Taking Phenazopyridine (Pyridium) medicine is another less common cause of foamy urine. This medication is used to treat the pain from urinary tract infections (UTI).
Sometimes, the problem is just the toilet cleaning chemicals that can make the urine look foamy. When this is the cause, the foam will stop as soon as the chemicals are flushed out of the toilet.
A full bladder can cause foamy urine, making the urine stream more forceful and faster. The urine also gets foamy when it is more concentrated due to dehydration or pregnancy. Increased protein levels in the urine also cause foaminess which is due to underlying kidney disease. Kidney disease most commonly occurs due to,
High blood pressure.
A family history of kidney disease.
The causes of retrograde ejaculation are,
Drugs used to treat enlarged prostate, high blood pressure, or mood.
Surgery on the urethra or prostate.
Nerve damage from multiple sclerosis and spinal cord injury.
The causes of foamy urine are diagnosed by,
A urine sample is taken to test protein levels in the urine.
A urine test taken over 24 hours compares albumin levels to creatinine levels (substances produced when muscles break down). This is known as the urine albumin-to-creatinine ratio (UACR). This ratio will help to identify whether the kidneys are filtering the blood. When the UACR is higher than 30 milligrams per gram, it could be kidney disease. In order to confirm, the doctor will do other tests to check whether the kidneys are working.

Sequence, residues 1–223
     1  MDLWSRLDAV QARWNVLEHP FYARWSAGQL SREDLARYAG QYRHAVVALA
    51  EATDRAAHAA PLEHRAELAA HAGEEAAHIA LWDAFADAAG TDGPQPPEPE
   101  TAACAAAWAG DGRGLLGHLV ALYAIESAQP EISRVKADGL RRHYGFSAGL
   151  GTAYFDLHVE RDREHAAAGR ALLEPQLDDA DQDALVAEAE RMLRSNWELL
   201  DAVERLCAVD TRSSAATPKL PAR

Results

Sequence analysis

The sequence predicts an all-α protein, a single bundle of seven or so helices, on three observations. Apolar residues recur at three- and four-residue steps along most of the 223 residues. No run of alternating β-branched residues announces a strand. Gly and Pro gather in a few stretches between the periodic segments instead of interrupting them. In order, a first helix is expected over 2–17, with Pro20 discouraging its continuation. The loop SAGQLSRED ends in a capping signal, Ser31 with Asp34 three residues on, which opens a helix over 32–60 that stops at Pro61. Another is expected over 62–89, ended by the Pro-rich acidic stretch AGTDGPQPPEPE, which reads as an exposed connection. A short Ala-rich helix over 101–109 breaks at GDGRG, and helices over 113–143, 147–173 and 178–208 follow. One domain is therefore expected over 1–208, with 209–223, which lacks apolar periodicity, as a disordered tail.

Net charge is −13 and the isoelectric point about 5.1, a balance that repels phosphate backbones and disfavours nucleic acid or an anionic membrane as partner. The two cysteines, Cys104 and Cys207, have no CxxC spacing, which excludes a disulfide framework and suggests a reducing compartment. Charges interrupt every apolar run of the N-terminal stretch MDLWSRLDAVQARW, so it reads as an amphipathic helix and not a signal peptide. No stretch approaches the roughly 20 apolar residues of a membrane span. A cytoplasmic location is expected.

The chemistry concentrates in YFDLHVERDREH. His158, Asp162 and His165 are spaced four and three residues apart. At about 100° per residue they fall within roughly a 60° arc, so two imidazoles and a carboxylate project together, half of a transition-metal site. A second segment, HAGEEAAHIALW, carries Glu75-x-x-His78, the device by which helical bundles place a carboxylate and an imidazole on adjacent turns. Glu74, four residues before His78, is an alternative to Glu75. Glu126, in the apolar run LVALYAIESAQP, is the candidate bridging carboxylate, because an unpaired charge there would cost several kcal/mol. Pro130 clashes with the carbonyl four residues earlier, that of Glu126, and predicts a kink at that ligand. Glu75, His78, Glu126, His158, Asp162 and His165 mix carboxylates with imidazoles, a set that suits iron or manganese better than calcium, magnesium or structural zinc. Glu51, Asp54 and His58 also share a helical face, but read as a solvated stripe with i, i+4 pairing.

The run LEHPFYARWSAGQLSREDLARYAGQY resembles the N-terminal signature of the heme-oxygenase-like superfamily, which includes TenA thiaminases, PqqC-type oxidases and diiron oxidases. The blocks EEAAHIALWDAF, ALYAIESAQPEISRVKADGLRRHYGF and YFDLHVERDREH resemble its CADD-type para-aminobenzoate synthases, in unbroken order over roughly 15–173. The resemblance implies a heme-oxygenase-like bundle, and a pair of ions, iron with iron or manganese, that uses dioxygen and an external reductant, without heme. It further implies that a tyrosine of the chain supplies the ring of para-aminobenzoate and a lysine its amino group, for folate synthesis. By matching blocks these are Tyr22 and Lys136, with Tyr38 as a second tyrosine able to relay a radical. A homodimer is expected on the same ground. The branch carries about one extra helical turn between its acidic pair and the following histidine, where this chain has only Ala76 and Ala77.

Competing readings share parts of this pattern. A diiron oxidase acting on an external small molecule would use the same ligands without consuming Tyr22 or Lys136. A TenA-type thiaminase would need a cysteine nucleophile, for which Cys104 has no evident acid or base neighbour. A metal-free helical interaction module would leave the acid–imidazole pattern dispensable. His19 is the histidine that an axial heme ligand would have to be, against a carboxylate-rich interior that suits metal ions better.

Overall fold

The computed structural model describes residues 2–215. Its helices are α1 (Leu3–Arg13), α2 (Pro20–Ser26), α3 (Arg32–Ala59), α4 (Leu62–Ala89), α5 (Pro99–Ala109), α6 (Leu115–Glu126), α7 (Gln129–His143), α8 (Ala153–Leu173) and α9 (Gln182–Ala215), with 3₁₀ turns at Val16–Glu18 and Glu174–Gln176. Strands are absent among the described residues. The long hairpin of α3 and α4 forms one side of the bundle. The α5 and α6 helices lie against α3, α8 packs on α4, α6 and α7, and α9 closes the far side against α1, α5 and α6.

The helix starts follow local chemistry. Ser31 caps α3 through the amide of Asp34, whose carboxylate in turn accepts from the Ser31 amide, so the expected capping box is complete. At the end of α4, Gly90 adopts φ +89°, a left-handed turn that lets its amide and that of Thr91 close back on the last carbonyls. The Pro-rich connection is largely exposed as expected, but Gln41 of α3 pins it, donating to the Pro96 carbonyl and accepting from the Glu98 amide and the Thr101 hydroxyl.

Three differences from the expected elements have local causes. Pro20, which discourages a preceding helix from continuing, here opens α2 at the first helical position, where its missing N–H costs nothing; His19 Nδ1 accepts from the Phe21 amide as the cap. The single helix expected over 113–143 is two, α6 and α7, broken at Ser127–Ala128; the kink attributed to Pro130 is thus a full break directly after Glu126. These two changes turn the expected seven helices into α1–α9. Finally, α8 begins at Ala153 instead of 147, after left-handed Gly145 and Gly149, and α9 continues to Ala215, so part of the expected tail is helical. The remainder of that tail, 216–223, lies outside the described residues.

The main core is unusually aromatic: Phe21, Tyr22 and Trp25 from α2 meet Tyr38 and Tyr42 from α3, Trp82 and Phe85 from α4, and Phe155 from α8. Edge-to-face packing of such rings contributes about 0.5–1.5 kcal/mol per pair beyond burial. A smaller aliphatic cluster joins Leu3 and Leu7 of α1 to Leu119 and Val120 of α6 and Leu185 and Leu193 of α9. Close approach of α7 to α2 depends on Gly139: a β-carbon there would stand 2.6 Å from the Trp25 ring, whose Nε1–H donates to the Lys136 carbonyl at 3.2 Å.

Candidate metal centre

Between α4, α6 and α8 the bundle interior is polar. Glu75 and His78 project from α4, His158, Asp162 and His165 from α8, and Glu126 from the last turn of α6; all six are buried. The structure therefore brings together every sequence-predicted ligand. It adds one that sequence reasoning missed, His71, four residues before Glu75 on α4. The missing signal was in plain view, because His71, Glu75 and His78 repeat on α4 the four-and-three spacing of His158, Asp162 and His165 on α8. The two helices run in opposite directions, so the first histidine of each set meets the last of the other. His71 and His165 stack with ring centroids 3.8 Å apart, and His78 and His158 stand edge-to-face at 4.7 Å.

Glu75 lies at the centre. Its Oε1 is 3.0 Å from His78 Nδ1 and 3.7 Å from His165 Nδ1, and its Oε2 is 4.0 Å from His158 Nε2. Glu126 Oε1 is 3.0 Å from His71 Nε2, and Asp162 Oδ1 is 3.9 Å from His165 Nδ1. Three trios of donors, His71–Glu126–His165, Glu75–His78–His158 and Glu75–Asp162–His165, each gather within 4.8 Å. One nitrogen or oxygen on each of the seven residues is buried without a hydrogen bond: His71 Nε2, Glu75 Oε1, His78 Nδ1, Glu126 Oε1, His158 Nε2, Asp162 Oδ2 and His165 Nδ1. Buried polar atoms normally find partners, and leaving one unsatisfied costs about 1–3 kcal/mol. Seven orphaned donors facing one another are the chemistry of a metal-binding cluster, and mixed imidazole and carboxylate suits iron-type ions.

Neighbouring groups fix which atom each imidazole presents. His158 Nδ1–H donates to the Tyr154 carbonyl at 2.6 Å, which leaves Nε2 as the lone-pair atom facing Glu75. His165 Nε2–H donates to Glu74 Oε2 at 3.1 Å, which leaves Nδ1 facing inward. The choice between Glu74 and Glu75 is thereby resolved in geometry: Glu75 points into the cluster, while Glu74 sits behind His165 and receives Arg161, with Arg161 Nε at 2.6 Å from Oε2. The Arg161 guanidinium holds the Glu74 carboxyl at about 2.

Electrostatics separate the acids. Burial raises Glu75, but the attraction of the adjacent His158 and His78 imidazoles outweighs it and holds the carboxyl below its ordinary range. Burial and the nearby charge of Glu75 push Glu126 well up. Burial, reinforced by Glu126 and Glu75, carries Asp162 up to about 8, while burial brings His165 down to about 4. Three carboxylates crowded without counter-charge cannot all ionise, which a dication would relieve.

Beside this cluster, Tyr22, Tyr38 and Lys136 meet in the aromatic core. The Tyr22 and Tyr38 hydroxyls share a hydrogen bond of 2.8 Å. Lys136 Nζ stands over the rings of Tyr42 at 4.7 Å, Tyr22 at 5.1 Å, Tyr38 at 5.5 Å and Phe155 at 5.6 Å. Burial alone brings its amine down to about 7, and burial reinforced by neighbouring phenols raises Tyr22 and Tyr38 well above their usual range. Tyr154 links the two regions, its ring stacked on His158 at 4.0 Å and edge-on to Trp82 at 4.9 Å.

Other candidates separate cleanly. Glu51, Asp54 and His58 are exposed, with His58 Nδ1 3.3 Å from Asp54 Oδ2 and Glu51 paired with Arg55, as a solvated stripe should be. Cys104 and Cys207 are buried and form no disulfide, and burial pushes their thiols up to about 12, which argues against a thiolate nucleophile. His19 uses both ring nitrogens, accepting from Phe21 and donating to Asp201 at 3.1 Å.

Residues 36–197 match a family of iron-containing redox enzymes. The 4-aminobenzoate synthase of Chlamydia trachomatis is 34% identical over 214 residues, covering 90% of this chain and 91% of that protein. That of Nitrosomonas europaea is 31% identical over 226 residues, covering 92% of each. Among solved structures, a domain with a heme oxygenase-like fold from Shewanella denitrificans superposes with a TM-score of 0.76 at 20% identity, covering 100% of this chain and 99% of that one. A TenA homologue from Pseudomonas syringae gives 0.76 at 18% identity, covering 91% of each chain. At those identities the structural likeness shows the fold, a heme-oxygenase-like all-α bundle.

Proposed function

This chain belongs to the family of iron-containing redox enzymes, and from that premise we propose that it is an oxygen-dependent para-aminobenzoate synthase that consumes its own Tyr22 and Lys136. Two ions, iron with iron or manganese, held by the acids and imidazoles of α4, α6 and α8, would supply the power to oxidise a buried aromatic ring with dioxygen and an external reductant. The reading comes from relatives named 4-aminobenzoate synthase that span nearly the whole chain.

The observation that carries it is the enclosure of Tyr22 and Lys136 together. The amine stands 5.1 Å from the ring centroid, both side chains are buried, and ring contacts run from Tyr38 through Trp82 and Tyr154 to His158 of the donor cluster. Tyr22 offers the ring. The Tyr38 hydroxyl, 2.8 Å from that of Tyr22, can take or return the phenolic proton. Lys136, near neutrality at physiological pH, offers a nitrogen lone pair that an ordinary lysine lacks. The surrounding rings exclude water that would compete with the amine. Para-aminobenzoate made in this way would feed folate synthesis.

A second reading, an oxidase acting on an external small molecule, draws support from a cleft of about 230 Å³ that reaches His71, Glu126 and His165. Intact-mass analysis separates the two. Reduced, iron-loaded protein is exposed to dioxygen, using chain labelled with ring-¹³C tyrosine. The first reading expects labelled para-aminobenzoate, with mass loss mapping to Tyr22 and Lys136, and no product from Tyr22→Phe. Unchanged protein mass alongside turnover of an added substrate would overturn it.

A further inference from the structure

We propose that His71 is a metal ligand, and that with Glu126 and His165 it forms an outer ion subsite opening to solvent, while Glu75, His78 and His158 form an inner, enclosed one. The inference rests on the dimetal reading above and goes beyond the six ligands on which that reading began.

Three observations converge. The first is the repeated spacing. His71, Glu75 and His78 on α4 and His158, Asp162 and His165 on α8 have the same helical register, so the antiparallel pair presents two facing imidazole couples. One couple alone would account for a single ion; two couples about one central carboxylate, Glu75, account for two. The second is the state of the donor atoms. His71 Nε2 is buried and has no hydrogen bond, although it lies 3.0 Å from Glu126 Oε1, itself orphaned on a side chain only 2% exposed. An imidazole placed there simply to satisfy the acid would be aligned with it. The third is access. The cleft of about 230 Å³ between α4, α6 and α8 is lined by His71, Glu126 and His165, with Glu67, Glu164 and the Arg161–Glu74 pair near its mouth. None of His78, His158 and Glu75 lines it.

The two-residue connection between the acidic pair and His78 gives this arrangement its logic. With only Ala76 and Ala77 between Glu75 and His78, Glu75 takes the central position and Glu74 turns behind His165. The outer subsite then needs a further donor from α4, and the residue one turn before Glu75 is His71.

When retrograde ejaculation is a suspected cause for foamy urine, the doctor will check for sperms in the urine.
Treatment for foamy urine will depend on its cause.
1. Treatment for Dehydration:
When the urine is concentrated, drink more water to relieve dehydration and to stop the foaming.
2. Treatment for Diabetes and High Blood Pressure:
When foamy urine occurs due to kidney damage, treat the underlying cause, that is, diabetes and high blood pressure.
Diabetes - High blood sugar damages the kidneys, so:
Eat a balanced diet and plan for a regular exercise schedule to help treat diabetes.
Test the blood sugar levels often to make sure it is within a healthy range.
Take medicines that lower blood sugar levels.
High Blood Pressure -
You should also have to plan the diet and stay active for high blood pressure.
Limit the salt and protein in the diet as it brings the blood pressure down and prevents the kidneys from working so hard.
Take the prescribed anti-hypertensive medications like calcium channel blockers, diuretics, etc.
Also, anti-hypertensive drugs like angiotensin-converting enzyme inhibitors and angiotensin receptor blockers protect the kidneys from additional damage.
3. Treatment for Retrograde Ejaculation: